CBD Tincture

Some manufacturers market CBD tinctures as “CBD oil”, which technically isn’t correct. Whereas CBD oils contain olive, hemp seed, or some other type of carrier oil for cannabinoids to bind with, tinctures use alcohol (or glycerine). These products can be quite similar to both CBD oil and cannabis oil (depending on cannabinoid content) but are not ideal for everyone. For instance, tinctures used topically may irritate the skin, and oftentimes tinctures are less regulated, chiefly because they’re not as popular as CBD or cannabis oil. Ultimately, it comes down to personal taste and reason for use.

Rick Simpson Oil

Rick Simpson Oil (RSO) is another cannabis concoction, this time popularised by former engineer turned cannabis advocate, Rick Simpson. Simpson developed a method for extracting cannabinoids using alcohol, then using a rice cooker to evaporate the alcohol to leave behind a potent extract. The exact cannabinoid profile of this concoction varies, but it’s known to contain both THC and CBD. RSO is also fairly easy to make at home, but you do need a rice cooker. For the most part, what makes Rick Simpson oil different is that it is a highly potent cannabis extract containing a significant amount of THC.

Does CBD Have THC In It? The Answer

Cannabidiol (CBD) has become a household name, but with its new fame comes many questions about what it is, what it does, and how it’s folded into our daily routines. Chief among these questions is CBD’s relationship to its more famous cousin, Tetrahydrocannabinol (THC). When you’re consuming CBD, are you consuming THC as well? What should you do if you want to avoid THC altogether? In this guide, we’ll define these cannabinoids, explain if one contains the other, and what you should look for in your CBD products if you want to avoid even slight traces of THC.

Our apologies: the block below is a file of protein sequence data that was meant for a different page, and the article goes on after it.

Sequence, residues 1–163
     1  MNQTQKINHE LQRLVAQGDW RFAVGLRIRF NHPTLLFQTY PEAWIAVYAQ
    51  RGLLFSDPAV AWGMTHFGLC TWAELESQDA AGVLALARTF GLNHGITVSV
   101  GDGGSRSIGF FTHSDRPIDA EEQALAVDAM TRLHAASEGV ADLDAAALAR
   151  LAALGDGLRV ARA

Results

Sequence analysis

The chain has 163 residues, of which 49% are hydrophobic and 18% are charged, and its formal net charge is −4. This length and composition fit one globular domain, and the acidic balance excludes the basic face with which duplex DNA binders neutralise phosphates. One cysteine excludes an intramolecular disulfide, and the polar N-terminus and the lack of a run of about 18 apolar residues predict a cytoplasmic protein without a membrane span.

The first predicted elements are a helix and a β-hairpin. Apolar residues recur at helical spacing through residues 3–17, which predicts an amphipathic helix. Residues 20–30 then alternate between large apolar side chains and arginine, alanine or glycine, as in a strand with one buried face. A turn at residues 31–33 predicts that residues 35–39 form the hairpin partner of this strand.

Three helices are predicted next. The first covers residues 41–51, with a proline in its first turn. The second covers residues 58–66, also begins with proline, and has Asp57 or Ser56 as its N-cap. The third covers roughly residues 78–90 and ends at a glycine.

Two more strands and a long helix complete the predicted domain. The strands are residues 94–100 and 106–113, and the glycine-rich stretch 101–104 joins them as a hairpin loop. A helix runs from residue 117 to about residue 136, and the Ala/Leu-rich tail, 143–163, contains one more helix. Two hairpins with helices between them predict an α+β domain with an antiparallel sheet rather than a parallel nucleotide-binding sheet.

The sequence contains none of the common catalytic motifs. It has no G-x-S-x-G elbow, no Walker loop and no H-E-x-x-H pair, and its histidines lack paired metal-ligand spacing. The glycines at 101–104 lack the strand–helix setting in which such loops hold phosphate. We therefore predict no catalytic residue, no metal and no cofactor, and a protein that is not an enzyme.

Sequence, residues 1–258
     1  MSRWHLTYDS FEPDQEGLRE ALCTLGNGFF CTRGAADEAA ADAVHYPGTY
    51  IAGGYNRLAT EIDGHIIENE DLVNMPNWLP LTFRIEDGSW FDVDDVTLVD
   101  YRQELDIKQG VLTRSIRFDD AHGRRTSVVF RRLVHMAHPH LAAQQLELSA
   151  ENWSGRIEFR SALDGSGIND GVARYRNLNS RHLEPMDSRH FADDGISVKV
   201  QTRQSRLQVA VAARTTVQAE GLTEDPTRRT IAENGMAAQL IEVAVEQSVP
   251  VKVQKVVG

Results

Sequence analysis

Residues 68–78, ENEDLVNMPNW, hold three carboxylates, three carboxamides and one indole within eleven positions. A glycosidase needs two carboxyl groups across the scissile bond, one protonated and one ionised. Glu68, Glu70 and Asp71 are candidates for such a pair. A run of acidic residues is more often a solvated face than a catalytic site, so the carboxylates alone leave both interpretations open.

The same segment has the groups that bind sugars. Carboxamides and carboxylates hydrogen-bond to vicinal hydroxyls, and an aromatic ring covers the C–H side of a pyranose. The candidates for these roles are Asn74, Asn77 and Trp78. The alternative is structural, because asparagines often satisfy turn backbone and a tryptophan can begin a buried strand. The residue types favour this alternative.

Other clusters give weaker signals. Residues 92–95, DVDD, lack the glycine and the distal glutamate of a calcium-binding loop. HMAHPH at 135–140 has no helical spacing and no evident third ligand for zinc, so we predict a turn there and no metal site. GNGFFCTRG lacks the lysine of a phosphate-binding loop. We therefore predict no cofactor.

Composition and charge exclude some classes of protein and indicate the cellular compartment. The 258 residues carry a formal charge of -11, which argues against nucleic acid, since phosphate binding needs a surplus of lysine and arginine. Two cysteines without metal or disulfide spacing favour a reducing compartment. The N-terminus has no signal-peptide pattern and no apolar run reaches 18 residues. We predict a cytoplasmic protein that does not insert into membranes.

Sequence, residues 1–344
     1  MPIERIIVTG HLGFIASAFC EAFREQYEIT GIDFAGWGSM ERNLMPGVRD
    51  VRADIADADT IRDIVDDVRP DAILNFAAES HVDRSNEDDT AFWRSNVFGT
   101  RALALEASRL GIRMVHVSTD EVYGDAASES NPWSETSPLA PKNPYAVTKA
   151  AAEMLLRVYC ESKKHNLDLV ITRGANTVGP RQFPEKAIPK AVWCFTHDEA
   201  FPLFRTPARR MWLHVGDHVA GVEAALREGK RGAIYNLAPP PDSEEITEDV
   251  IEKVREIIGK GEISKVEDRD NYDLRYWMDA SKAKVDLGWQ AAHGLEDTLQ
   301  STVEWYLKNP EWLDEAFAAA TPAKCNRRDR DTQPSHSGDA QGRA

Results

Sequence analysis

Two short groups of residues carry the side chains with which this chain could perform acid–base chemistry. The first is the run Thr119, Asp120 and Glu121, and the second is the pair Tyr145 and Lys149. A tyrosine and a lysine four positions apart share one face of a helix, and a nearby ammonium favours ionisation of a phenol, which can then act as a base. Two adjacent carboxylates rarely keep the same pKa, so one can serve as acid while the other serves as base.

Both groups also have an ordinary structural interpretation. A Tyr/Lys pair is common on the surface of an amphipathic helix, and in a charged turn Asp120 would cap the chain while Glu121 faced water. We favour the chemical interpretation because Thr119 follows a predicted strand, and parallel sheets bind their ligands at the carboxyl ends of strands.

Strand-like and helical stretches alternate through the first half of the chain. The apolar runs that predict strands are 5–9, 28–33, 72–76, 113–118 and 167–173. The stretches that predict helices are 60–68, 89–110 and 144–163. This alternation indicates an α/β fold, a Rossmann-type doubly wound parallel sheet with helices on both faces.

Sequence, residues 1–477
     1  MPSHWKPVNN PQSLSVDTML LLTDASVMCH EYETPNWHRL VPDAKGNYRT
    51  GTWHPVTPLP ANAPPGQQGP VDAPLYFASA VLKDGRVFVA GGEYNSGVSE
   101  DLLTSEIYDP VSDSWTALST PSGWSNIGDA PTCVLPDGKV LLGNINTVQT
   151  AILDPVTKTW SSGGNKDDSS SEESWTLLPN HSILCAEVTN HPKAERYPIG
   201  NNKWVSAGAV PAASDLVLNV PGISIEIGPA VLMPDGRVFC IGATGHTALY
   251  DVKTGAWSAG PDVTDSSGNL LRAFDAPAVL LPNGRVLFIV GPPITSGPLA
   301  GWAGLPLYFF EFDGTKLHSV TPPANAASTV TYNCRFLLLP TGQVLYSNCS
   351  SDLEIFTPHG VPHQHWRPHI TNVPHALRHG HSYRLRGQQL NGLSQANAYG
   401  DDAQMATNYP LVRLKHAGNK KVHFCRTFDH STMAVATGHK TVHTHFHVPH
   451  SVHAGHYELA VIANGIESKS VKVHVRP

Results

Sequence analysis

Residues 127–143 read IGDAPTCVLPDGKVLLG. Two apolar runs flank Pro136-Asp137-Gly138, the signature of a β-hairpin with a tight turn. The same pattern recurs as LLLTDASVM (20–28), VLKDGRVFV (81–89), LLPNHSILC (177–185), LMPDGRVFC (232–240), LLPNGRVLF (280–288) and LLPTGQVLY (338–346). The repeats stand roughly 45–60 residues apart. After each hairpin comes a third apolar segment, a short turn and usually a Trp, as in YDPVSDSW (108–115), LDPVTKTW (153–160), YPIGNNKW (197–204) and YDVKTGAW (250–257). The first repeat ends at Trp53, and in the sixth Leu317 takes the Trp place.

What is CBD?

CBD is one of many phytocannabinoids — or cannabinoids that come from plants – that can be found in cannabis, including its variant, hemp. You can incorporate CBD into your routine to boost the cannabinoids your body is making on its own, called endocannabinoids.*

Phyotocannabinoids and endocannabinoids are similar compounds, the main difference between them being their source. So far, researchers have discovered two endocannabinoids: 2-arachidonoylglycerol, which is commonly abbreviated as 2-AG, and anandamide. Dozens of phytocannabinoids are known to scientists.

What is THC?

Like CBD, THC is a cannabinoid found in cannabis plants. THC is found in elevated levels in marijuana. Cannabis plants which contain 0.3% THC or less are considered hemp.

A note on a name: The terms cannabis and marijuana are often used interchangeably. Cannabis covers the same category of flowering plants that includes cannabis with THC levels that exceed 0.3%, also referred to as “marijuana,“ and cannabis with 0.3% THC or less, also referred to as “hemp.” At Prima, we use the term “marijuana” to distinguish between cannabis with THC levels that exceed 0.3% and “hemp”.

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What is the endocannabinoid system?